the starting spark
Beginnings may be small, may be coincidental. And then they may grow, winding their way through several stages of transformation. The Shiatsu Research Network emerged from the European Shiatsu Congress (ESC) 2017 in Vienna. Leisa Bellmore held a lecture about the basics of scientific research and its role in advancing the shiatsu profession. She invited shiatsu practitioners to consider taking steps in this field. Kristina Pfeifer, one of the participants, proposed collecting email addresses to establish a connection of practitioners interested in research. Kristina had recently taken part in a small evaluation about hypertension and shiatsu introduced by Silvia Eberl-Kadlec, which showed astonishing results. With the network, she hoped to motivate more research in the community. Initially, there were only about 30 people in a small google mailing group but this group soon grew.
Mike Mandl, the organizer of the ESC 2017, offered co-hosting with the ESC homepage for the emerging network. Kristina agreed, registered a domain and built a sub-homepage on the ESC platform that offered access to the mailing group and provided a small list of shiatsu studies. With the help of the ESC platform and an announcement via the Hara Journal, the network grew up to more than 100 members coming from several continents of the world. In this stage of immediate growth, introductions by members allowed for the sharing of ideas, hopes, questions, critiques and know-how that may guide the network and shift shiatsu research to the next stage. During autumn 2018, the Shiatsu Research Network (SRN) homepage migrated from the ESC homepage due to increasing traffic. Stergios Tsiormpatzis has joined the admin team, suggested a new host and developed a new homepage to meet the growing demands of the SRN. Together, with Irene Reichl, a three-person admin team was developed. The growing network with significant email traffic had become a platform of international discussion.
debate and discussion
Past issues were addressed and the network entered a stage of debate which led to lively discussion. Solutions were suggested, meetings arranged and support was provided. One result of a global debate about the basic necessities of research in shiatsu was a panel discussion in Vienna in June 2019 with practitioners, including Fernando Cabo and Patrizia Stefanini who had advocated for scientific research long before the network came into being. The three-hour discussion was broadcast on the radio and the recording is available [audio recording]. The panel discussion, organized by Eduard Tripp, identified a common focus and provided confidence to practitioners that scientific research can support the profession. In this discussion, Karin Koers and Achim Schrievers presented their research project about shiatsu and mindfulness practice which is based on a preliminary study by Jana Kraft [final report] . The SRN had already facilitated a strong relationship between the German research team and their shiatsu association and the associations in Austria and Switzerland. Kristina Pfeifer, Sandy Gsell, Karin Koers, Achim Schrievers, Catherine Ott and many others had met in May 2019 at the German Shiatsu Congress to share ideas and support for future tasks. At this time time the SRN provided a three hour workshop about research literacy organized by Karin Koers, Sandy Gsell and Kristina Pfeifer.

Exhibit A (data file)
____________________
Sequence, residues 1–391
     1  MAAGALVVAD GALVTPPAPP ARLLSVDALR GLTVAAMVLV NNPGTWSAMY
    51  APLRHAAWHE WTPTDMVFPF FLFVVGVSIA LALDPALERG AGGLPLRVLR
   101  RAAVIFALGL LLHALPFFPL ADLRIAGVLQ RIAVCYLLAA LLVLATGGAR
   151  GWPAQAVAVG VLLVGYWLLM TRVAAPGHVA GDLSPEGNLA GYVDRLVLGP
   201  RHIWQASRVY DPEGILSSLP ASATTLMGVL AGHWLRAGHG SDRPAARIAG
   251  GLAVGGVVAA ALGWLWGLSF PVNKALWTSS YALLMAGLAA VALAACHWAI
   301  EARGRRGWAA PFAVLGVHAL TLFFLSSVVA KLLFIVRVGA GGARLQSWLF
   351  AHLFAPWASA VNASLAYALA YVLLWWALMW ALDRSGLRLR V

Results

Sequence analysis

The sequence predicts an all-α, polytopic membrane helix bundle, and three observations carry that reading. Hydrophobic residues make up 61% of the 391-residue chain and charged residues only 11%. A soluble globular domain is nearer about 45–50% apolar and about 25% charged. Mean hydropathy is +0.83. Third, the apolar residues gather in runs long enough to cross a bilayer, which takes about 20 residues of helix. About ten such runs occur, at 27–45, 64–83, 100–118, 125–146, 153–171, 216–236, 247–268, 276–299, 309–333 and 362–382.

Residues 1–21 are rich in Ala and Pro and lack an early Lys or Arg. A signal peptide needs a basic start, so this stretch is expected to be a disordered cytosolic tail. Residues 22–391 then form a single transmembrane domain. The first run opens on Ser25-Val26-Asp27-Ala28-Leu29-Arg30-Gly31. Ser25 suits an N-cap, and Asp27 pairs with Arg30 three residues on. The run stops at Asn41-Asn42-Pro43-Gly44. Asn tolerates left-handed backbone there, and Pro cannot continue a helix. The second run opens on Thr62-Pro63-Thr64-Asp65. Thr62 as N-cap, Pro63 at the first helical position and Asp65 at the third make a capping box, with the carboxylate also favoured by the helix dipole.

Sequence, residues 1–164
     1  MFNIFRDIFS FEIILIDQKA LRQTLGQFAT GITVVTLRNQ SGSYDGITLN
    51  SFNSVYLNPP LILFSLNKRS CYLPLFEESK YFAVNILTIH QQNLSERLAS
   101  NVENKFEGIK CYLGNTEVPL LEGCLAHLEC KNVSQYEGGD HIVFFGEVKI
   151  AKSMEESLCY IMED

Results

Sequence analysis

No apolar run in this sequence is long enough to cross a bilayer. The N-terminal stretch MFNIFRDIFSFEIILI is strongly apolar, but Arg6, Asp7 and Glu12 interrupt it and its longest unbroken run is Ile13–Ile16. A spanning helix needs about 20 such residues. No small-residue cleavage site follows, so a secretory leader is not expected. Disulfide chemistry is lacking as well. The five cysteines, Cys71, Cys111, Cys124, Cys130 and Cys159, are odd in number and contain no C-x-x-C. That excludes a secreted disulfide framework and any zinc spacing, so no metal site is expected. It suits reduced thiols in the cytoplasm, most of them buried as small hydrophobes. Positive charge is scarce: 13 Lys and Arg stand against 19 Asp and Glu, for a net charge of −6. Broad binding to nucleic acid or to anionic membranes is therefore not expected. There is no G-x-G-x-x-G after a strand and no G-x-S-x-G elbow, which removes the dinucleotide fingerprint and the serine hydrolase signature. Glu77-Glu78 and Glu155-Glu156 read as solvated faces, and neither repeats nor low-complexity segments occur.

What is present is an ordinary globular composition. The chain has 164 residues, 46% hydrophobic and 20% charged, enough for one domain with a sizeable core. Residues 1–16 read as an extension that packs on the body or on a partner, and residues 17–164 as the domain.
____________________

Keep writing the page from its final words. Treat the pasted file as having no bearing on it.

productivity and advancement
The network transitioned to its next stage of productivity. Stergios Tsiormpatzis worked diligently to provide first-hand advice and information when responding to questions and inaccuracies that arose. He helped to increase the level of discourse in the active group, which enhanced the approach and planning of studies. This process will continue in upcoming projects. As Irene Reichl, who developed a logo for the network and helped design the organizational structure had increased demands, Sandy Gsell from Switzerland joined the administration team in the summer of 2019. Sandy’s focus started with the open world café workshops, which promote a research literacy approach, and she expanded her input to guide the development of a concept for the growing SRN and identifying next steps .
The SRN mailing lists consist of a moderate and an intensive discussion group, both of which are open to all practitioners. Within the intensive discussion group future projects are discussed and connections are made, while other projects are developed from in-person meetings. For the immediate future, the SRN plans to establish a database for research studies about or related to shiatsu, develop resources for increasing research literacy in the shiatsu community and for enhancing the quality of research projects, create connections that help foster research with academic institutions and acquiring funding, and consider a possible transformation of the SRN into an international association.
Currently, members of the active team participate in research projects all over the world through providing expertise, establishing academic connections, creating a lobby for funding contacts, etc. Finally, shiatsu researchers no longer need to struggle and work in isolation. And practitioners who are interested in stepping into this world will find support through the SRN to make their plans and hopes become attainable.
... the workshop
So, what’s in here for you? At the ESC Amsterdam we will offer an exploratory workshop that will help you dive into the adventurous questions of scientific research. While we will give you an overview of various study designs, we will focus on how practitioners can do research within their own practice which may, with a diligent approach, lead to publication in a peer-reviewed journal. Because, after all, we know what we can accomplish with our hands, but it also needs to get out into the public to be seen.
Photo by Suzanne D. Williams on Unsplash